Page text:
Different business units all play a role in welcoming a new employee
In addition to being a key component to introducing a new employee to their role, effective employee onboarding workflows also:
While HR teams have typically been responsible for onboarding new employees, other departments—including finance, facilities, IT, and legal—also perform key roles in supporting new hires.
Here’s a look at how interdepartmental collaboration and individual stakeholder involvement helps modernize and improve the onboarding process flow.
Onboarding begins with the job offer. A recruiter is typically involved at this stage and remains so at least until an offer is accepted and all parties agree on salary, start date, and other details.
Acceptance of a job offer sets in motion a number of tasks and workflows behind the scenes, beginning a process known as “preboarding.” Although some new hires won’t interact with their future employer until their first day, others use this preboarding period to get a jump on information-sharing and paperwork.
Forward-thinking HR departments may automatically send new hires a welcome packet, sometimes in digital form, that outlines benefits and company policies on privacy, data protection, health and safety, discrimination, harassment, and more.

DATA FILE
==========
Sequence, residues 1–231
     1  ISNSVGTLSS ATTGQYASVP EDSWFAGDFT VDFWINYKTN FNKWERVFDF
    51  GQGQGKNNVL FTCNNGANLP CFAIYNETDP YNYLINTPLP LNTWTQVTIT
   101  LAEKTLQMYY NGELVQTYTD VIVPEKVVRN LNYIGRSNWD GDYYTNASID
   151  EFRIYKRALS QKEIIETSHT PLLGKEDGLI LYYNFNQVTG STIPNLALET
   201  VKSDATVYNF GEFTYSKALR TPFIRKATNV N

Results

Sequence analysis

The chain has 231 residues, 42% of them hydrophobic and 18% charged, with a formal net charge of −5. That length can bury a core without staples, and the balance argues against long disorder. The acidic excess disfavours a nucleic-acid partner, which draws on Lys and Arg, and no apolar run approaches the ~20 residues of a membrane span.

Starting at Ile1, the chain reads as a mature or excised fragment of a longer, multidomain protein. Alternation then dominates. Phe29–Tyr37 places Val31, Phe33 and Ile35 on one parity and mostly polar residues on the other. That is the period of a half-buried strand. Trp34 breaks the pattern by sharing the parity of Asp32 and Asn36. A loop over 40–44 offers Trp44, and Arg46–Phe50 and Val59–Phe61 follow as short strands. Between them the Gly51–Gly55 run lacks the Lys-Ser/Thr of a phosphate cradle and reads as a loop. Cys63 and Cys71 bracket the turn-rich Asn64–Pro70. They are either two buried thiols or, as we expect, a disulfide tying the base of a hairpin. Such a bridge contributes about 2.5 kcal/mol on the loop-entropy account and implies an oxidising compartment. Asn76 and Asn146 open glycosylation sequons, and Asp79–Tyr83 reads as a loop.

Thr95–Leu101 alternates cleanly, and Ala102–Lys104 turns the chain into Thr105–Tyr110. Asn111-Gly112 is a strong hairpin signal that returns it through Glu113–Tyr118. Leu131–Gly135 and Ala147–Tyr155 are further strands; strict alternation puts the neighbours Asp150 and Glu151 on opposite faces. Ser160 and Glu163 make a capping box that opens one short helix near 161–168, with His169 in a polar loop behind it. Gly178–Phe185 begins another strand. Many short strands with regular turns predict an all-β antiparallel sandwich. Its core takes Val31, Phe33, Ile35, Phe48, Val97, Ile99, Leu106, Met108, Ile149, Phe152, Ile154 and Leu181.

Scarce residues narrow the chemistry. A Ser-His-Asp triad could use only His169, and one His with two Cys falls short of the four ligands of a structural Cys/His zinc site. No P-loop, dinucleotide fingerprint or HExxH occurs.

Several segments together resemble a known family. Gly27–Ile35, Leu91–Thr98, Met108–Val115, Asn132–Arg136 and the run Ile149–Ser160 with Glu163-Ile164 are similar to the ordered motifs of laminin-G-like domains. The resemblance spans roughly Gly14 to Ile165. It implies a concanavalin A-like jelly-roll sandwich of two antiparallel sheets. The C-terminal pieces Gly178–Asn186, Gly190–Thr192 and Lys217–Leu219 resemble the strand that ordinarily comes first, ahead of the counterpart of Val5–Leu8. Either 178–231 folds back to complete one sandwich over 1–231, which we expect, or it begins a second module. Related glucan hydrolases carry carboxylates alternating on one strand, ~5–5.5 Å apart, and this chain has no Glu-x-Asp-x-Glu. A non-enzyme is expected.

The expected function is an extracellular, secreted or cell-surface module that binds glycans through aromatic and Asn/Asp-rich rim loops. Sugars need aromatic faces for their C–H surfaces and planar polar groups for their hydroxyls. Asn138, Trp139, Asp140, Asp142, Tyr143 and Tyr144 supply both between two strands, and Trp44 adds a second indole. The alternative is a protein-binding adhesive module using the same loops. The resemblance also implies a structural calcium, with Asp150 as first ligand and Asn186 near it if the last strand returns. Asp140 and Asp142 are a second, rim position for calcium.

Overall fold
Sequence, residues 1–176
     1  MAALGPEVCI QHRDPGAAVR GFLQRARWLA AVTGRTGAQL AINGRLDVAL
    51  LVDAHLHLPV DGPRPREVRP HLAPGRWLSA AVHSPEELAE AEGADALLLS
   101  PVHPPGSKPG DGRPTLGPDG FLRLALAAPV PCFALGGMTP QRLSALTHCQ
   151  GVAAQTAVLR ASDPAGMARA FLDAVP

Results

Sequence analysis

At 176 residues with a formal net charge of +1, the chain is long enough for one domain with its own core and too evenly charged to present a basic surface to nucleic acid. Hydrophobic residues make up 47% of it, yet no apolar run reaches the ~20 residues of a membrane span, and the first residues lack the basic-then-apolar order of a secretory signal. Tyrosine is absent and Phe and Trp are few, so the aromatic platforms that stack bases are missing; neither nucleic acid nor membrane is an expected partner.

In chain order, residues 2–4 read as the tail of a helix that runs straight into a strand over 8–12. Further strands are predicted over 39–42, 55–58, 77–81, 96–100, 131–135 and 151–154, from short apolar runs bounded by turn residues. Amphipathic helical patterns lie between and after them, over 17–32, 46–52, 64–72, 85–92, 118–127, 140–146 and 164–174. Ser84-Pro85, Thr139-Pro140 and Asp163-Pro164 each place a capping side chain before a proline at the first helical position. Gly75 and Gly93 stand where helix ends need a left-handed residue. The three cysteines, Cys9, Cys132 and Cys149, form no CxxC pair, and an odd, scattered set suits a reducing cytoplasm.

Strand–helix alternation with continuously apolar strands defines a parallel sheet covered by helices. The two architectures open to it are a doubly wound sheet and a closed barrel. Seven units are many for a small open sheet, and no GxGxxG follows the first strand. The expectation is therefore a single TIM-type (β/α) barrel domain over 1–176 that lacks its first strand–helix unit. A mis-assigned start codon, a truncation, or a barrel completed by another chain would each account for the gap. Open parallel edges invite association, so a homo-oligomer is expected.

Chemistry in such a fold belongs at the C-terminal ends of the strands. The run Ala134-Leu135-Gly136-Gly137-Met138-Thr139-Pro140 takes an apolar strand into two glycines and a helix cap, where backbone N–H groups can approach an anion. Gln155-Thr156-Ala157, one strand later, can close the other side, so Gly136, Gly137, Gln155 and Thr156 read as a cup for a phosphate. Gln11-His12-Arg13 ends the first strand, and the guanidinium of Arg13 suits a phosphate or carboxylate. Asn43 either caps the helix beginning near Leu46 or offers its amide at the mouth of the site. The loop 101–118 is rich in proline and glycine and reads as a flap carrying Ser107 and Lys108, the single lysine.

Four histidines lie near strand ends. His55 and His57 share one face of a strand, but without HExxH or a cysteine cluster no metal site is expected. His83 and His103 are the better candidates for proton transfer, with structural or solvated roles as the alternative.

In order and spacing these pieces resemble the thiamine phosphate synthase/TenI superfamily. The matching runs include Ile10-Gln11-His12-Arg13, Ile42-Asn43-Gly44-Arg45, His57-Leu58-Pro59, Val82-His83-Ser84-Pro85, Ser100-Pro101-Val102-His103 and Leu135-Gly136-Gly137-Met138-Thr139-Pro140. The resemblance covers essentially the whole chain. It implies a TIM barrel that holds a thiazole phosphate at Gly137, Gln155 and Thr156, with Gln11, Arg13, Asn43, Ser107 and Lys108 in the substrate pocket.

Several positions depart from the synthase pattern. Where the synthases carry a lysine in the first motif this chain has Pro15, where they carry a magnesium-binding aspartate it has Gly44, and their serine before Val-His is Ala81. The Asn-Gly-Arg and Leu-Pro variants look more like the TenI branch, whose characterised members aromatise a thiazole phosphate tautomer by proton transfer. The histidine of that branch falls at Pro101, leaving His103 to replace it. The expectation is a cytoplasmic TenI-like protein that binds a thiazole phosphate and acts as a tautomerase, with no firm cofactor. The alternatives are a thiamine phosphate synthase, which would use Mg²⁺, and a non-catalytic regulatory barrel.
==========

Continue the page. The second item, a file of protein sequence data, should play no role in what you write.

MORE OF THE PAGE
HR may also share materials needed by finance and legal teams for payroll and compliance purposes. Forms requiring a signature can include a W-2 for the IRS, proof of citizenship status, and non-compete and non-disclosure agreements. While new employees tackle paperwork, managers often begin working with IT and facilities to allocate their workspace, order a computer and other basic equipment, and prepare network access credentials.
What many HR professionals call the Day One checklist is perhaps the longest set of required actions in the entire onboarding process. This doesn’t have to be a chokepoint, however. Completing a rigorous preboarding checklist takes some of the time pressure off Day One, making it easier for employees to hit the ground running.
In addition to meeting new co-workers and getting situated in a workspace, traditional Day One tasks typically include:
To quickly familiarize themselves with specialized software used by their team, employees can begin training right away, either through a learning and development platform or with real-time guidance from co-workers.
With some of the pressure or routine rigors taken off of the first day, other employee onboarding processes that may not be as time-sensitive can be completed during the first week of employment and at the employee’s pace, such as:
This flexibility frees up new hires to engage in more stimulating aspects of their role, engaging them in their roles more quickly and effectively.
Companies with large numbers of incoming employees may stage orientations every Monday to welcome groups of new hires, distribute swag, and show employees around the office.